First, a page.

Black Eagle Trophy PSS Festival 2010
The Black Eagle Trophy PSS Festival
Hosted by Two Oceans Slope Soarers
Cape Town, June 19th and 20th 2010
The Black Eagle Trophy PSS Festival flew gracefully into the annals of the Cape slope soaring scene
over the weekend of the 19th and 20th June 2010. With 21 pilots entered, the event promised
to be packed as most pilots had two aircraft at least to add to the mix.
Following the hosting and success of the second Two Oceans Slope Soarers Aerobatics event in January
it was felt that there should be more development in our club sphere and driven by Damian Hinrichsen’s
suggestions and constant requests for a relevant date, we set a date for a PSS event that was a good
6 Months away from the Aerobatics event and slap bang in the middle of winter. We were hoping to garner
the standard winter North Westers that pepper this part of the world in association with each
approaching frontal system. With the idea of hosting an event established, we decided to
create the event around the impressive and threatened Black Eagles that grace our slopes in Cape Town
as well as other parts of the country. Hence the Black Eagle Trophy PSS Festival by name and an agreement
to donate a portion of each entry fee to the Percy Fitzpatrick Institute of African Ornithology,
for the study and preservation of the varying raptor populations that inhabit the slopes we soar on.
This followed our need to create a conservation platform within the slope soaring fraternity and
give something back to the environment we utilise so readily.
With the TOSS committee firmly set on a course of action, the planning started, the rules and documents
created, the contestants entered, and many entrants started the mammoth task of getting their pride and joy
slope soarers ready for the competition that was barely six months away.
Based on the three available classes, Foamy, Sportsmans and Expert class, with a lot of scratch building
as well as revamping and total overhauling of ARF kits began in order to match each available class.
Being a bit of a foamie combat club, Damian Hinrichsen had the vision of creating a fleet of slope warbirds
that were EPP foam based, allowing for the combat zone to be filled with the sight of scale warbirds
in hot pursuit of each other. With this in mind he quickly went about drawing up the plans for at least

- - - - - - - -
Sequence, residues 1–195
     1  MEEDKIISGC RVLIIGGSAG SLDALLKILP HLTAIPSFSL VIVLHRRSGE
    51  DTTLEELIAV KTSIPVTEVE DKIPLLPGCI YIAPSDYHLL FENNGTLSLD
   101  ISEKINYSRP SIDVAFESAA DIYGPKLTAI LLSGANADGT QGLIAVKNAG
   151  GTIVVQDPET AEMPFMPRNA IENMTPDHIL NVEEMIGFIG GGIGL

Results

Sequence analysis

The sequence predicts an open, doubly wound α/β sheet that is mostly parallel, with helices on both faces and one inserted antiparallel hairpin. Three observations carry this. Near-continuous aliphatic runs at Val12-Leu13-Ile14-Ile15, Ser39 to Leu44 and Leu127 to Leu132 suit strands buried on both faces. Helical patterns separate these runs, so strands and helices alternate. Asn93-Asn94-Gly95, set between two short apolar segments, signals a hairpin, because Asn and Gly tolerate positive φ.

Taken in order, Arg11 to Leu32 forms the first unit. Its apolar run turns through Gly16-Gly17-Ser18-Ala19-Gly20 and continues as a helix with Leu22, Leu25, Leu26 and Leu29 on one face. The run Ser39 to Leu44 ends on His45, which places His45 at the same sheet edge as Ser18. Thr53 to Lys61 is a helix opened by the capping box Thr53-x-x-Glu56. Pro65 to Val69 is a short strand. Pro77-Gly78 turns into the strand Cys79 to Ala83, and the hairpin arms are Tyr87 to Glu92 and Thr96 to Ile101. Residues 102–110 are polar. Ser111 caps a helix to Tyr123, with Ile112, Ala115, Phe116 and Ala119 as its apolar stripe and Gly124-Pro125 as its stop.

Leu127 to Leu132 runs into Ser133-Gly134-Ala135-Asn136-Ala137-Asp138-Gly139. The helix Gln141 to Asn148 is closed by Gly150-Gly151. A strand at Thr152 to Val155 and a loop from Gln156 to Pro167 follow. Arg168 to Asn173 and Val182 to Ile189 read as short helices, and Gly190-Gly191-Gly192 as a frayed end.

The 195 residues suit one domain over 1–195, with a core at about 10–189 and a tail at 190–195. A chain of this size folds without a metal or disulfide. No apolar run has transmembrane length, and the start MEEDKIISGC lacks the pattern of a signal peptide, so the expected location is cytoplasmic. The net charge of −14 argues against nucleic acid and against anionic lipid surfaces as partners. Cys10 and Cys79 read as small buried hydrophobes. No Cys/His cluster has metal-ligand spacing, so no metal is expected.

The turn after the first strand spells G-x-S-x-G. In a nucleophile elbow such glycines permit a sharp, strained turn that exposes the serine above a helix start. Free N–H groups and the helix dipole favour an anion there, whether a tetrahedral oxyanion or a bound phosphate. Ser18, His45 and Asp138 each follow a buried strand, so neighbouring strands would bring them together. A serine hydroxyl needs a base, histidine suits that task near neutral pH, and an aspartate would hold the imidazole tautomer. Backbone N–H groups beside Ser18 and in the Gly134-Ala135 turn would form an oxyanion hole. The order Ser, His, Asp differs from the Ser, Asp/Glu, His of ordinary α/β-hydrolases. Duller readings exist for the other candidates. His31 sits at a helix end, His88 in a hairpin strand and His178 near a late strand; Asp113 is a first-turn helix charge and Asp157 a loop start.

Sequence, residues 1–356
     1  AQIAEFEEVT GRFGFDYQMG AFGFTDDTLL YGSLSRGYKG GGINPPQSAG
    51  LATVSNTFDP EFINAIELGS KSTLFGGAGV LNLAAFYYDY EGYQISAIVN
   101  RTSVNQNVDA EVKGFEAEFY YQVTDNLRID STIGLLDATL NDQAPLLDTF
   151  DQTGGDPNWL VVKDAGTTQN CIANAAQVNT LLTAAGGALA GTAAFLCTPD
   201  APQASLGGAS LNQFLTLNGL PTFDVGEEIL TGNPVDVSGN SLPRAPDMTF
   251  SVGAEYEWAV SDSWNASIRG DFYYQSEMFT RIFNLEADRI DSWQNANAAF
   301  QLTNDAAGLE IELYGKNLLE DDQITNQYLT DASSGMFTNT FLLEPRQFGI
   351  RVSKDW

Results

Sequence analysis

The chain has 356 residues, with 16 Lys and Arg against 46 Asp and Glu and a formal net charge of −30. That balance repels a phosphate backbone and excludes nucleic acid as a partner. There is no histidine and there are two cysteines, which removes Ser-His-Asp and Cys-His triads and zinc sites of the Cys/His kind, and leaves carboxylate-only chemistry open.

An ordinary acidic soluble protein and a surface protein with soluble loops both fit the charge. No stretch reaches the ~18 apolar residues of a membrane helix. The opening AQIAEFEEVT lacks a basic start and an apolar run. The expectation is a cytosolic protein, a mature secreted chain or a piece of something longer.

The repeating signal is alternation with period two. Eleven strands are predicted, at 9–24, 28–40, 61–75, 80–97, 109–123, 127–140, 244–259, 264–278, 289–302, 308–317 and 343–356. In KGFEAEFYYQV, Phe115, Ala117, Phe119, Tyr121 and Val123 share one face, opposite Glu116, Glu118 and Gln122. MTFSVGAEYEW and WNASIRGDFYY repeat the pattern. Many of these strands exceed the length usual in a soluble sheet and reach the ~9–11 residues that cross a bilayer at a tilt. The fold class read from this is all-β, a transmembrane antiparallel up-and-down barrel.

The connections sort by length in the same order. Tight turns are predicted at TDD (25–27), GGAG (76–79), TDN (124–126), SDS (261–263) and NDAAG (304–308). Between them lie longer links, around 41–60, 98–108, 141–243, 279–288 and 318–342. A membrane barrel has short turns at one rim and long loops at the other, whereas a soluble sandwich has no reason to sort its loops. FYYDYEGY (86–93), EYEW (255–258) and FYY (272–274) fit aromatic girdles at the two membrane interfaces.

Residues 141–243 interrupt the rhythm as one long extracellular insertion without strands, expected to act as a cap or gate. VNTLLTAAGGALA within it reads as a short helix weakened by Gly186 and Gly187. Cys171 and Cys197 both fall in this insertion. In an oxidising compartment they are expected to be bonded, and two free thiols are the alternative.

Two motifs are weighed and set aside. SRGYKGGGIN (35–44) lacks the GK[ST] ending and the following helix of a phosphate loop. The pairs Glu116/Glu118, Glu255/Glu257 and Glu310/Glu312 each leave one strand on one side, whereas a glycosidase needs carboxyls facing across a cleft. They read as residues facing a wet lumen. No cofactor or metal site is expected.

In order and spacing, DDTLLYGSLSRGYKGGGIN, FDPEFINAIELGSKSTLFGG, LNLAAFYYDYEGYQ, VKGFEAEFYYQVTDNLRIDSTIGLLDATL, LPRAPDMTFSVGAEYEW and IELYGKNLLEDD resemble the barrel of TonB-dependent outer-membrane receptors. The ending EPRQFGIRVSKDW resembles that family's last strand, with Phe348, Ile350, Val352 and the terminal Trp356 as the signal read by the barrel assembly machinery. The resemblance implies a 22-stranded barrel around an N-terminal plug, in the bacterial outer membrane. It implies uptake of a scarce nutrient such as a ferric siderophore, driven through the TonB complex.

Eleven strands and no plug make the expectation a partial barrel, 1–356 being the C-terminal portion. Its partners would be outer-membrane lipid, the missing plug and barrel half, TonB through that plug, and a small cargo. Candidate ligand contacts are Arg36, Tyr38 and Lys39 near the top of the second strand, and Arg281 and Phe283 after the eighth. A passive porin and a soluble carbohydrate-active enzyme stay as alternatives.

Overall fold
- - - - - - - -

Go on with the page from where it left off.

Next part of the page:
10 different warbirds ranging from the indomitable Spitfire to the Zero, with Mustangs, P40 Warhawks,
Messersmitts, Fokker Wolf’s and many more thrown into the mix. Along with the well known slope
aeromodeller Anton Benning, they cut the initial fuselage shapes while Anton created the
wings, wingspars and relevant pushrod systems as part of these fantastic little kits.
With huge enthusiasm the entire field of entries got about building these foamy slope soarers
which proved to be brilliant in their simplicity and saw the black EPP foam being taken down to shape,
covered with orocover, given the relevant decals and dusted with a protective varnish for the final finish.
Panel lines and detail became part of the build and many superbly finished models rolled off
the desktop line and into the foamie class, ready for the inevitable battle. There was a stark
dirth of slopers on the slopes in the weekends leading up to the event as many of the pilots
hid in dark corners concentrating on the large scale warbirds, finalised each with delicate detail that
annoyingly seemed to take longer than it should .
THE BIG SHOW
A beautiful morning dawned on the 19th July 2010 in our part of the world. A few intrepid slopers were
seen on the slopes as early as 7:15 am staring into the dark while awaiting the arrival of dawn
and the first few flights of the day. Our skinny little Cape Peninsula is such a sitter for a good North Wester
and mother nature duly delivered. Not a howler by any note, but with more than sufficient lift to start
the event and take whatever the day threw at us. Early morning was light but flyable and the foamies
entered the judging area and were duly awarded points by the static judge for the day, Herbie Newton,
and then released skywards to open up a days warbird combat that was to prove hugely successful.
These foamie warbirds were sometimes incredible in their detail and realism as applied by the
differing individuals and proved an absolute revelation in the light lift and gaining more attributes
as the lift improved throughout the day. One competitor racked up three and a half hours of flight time
from maiden flight to the end of the days proceedings. Some kind of stick time that.
This was followed by the sportsmans class that was punctuated by the 2 meter plus class of plane
with some great renditions entered from the Mustangs of Damian Hinrichsen and Bobby Purnell,
Malcolm Riley and Anton Benning’s Impalas, Lionel Brink’s Tucano, Chris Leal’s Me 109, Carlo Davis’s Sea Fury
and A10 Warthog and Marc Beckenstrater’s enviable Mosquito.
The premise being that ARF kits could be entered, and in true fashion some stunning conversions
of power kits hit the slope. Toss away the motor, add vast amounts of lead and away we go.
That not being enough, large amounts of detail were then added to create realistic interpretations